Injuries to the Skull and Brain

Globally, there are a significant number of serious injuries and deaths caused by blunt force trauma each year. As reported by "BrainLine," in the United States, violent assaults account for roughly 10 percent of all traumatic brain injuries. Skull fractures account for up to 20 percent for all head trauma according to "BMJ Best Practice." Overall, traumatic head injuries are the most common cause of death among Americans aged forty-five and younger. Up to 75 percent of people with severe head injuries also suffer damage to the neck bones or other parts of the body directly related to the blow to the head. Therefore, deductively, one in five punches to the head could result in a skull fracture as reported by the American Association of Neurological Surgeons.

After age thirty, your mortality risk increases after a head injury. Your brain shrinks as you age even though your skull size remains constant. Therefore, there is more room in your skull for the brain to be shaken and, consequently, sustain damage. As noted, blunt force injury sustained to one's head in a physical assault can be permanently debilitating or lethal. Since 2007, the British campaign group One Punch Can Kill has recorded more than eighty single-punch fatalities in the U.K. In 2018, a highly publicized tragedy in the New York Post newspaper, happened when a visiting tourist in Queens, New York, was killed after being punched in the head and subsequently falling backward.

A robust, acute blow to the skull generates a dangerous shock-wave that can disrupt normal brain functions. A violent vibration to the brain can interrupt neurons carrying and intercepting normal signals. This shock could possibly disrupt the nervous system's vital functions, including your heartbeat, breathing, and other life-supporting systems. The cerebellum could effectively switch off, leading to immobility, coma, or death. Of course, from a self-defense standpoint, blunt force trauma attacks to the head are particularly effective in disabling an attacker.

Other serious injuries can result from blunt force head trauma, including internal bleeding when the vessels carrying blood to and from the brain rupture. This causes blood to leak and infiltrate the brain, increasing the chances of death. Traumatic brain injury (TBI) is another serious consequence of a strong blow to the head.

When a victim is rendered disoriented or unconscious, his legs give way. This led to the tourist's death in Queens as he smashed his head on the ground. Obviously, a collapsing person could hit his head against any hard object such as a table or wall. This secondary impact of the ground, known as a contrecoup injury, often adds to the severity of an injury. The brain is initially smashed against the skull in one direction and then subsequently impacts against the opposite side of the skull, exacerbating the injury. Many military combative programs teach targeting and striking an opponent successively at least three times on opposite sides of the head to generate a maximum contrecoup effect.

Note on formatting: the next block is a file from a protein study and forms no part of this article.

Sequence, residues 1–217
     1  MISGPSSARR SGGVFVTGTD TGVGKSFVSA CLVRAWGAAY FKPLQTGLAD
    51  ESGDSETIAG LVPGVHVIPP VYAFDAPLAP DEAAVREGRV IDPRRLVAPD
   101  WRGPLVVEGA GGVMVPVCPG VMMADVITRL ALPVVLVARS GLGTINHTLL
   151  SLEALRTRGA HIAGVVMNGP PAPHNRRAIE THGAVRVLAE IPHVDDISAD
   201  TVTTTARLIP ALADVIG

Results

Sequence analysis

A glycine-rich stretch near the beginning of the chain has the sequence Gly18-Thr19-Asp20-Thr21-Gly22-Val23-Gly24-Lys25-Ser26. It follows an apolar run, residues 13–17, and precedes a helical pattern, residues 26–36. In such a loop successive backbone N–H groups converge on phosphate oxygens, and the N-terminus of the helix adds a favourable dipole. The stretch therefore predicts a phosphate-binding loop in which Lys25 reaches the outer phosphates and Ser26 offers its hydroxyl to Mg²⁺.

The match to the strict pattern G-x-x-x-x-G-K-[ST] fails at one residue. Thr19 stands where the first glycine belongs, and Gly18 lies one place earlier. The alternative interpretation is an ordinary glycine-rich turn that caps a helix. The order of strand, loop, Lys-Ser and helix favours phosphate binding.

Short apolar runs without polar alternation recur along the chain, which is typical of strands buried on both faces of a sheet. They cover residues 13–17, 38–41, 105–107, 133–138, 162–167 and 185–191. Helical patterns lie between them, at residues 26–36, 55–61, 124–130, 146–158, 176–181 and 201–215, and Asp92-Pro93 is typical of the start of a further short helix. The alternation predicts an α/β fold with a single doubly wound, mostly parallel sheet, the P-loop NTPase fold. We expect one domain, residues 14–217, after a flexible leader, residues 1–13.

An analogy of the effects a punch to the head can have on the brain is a column of jelly on a plate or loosely encased in a jar. If you shake the plate or jar with enough force, the jelly will shake, bounce, and begin to tear. Similarly, when a blow to the head forces the brain to move rapidly inside the skull, the neurons and cells making up the soft brain tissue are readily damaged and torn apart.

Below is a summary of the most common injuries associated with blows to the head:

Concussion—A strong blow to the head may result in loss of consciousness, confusion, memory impairment, ringing in the ears, vomiting, dizziness, coordination problems, confusion, sleepiness, and seizures.

Simple Skull Fracture—A skull fracture is a crack or break in one of the skull's bones. The skull contains no bone marrow and, consequently, is the human bone structure least capable of absorbing a blow, which often leads to a bruise on the brain's surface.

Pterion ("Temple") Injury—The temple is one of the most vulnerable areas of the skull since the middle meningeal artery sits just beneath it. A blow to the temple can rupture this artery, causing death. Notably, an injured person may initially feel fine. However, as blood accumulates, the victim will develop a headache, become unconscious, and likely die unless a neurosurgeon opens the skull for repair.

Diffuse Axonal Injury (Brain Stem Damage)—The brain is twisted and torn by an acute impact to the skull. Brain cells are damaged without causing bleeding, yet may swell, leading to permanent brain damage or death by disabling the autonomic nervous system.

Epidural Hematoma—A blow tears blood vessels under the skull. Blood collects between the skull and the brain's outermost membranes, causing a hematoma that can expand and become fatal. This severe brain injury typically results in immediate unconsciousness and is fatal about 50 percent of the time.

Intraparenchymal Hemorrhages and Contusions—An intraparenchymal or "in the tissue" hemorrhage pools blood within the brain tissue. An impact on one side of the brain that causes it to bounce within the skull results in bruising. Consequent swelling shuts down arteries and blood vessels that supply fresh blood to the brain, resulting in unconsciousness within eight to ten seconds. Irreparable brain damage and death ensue after four to six minutes of oxygen deprivation without a fresh blood supply.

The above is an excerpt from Krav Maga Fundamental Strategies: The Contact Combat System of the Israel Defense Forces,by David Kahn, Israeli Krav Maga Association US Chief Instructor. publication date July 1, 2021, YMAA Publication Center, ISBN: 978-1-59439-813-1